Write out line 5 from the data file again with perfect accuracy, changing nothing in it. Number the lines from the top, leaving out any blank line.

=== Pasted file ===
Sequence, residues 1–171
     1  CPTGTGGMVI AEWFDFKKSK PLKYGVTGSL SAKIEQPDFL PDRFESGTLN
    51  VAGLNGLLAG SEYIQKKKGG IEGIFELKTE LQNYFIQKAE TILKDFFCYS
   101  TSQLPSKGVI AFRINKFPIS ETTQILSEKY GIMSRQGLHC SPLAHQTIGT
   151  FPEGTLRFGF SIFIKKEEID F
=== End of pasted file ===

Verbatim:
   151  FPEGTLRFGF SIFIKKEEID F